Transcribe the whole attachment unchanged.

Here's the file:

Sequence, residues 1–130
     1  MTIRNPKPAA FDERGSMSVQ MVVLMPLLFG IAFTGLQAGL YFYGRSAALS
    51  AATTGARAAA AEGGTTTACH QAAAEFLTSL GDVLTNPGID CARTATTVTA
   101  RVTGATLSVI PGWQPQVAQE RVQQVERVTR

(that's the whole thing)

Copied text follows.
Sequence, residues 1–130
     1  MTIRNPKPAA FDERGSMSVQ MVVLMPLLFG IAFTGLQAGL YFYGRSAALS
    51  AATTGARAAA AEGGTTTACH QAAAEFLTSL GDVLTNPGID CARTATTVTA
   101  RVTGATLSVI PGWQPQVAQE RVQQVERVTR